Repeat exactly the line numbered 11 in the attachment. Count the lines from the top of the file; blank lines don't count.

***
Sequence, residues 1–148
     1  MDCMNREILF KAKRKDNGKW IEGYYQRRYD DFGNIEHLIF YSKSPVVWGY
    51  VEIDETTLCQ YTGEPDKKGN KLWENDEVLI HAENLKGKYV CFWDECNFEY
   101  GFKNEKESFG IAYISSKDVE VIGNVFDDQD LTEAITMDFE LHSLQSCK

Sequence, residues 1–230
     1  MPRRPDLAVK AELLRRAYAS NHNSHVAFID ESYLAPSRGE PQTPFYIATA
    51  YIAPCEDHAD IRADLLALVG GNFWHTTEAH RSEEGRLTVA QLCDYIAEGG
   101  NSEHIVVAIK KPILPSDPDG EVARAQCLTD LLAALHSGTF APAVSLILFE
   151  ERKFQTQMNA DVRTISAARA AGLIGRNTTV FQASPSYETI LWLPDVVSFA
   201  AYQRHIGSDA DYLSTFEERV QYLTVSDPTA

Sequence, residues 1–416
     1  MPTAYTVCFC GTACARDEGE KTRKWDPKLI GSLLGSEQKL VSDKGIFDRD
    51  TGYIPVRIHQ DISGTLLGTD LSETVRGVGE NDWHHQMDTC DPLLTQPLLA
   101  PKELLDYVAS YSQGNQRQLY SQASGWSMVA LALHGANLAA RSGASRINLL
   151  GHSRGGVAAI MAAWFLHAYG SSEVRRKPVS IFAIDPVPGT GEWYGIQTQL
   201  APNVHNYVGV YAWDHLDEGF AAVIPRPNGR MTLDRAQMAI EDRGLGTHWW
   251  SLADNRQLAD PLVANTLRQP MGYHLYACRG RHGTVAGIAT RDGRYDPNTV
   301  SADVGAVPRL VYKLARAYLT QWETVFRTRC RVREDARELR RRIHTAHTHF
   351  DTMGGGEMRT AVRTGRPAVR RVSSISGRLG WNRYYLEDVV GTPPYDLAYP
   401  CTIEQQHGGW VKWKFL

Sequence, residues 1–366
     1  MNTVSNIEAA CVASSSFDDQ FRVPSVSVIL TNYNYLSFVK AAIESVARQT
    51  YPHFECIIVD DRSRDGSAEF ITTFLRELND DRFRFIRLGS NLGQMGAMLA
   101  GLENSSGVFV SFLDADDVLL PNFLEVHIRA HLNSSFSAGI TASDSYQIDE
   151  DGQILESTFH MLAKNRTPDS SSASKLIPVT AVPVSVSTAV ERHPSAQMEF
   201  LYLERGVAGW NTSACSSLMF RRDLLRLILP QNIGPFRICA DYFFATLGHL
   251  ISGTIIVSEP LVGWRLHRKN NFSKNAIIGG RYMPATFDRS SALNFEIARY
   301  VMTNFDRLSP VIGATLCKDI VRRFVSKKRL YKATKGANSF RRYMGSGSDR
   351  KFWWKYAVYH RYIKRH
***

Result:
Sequence, residues 1–416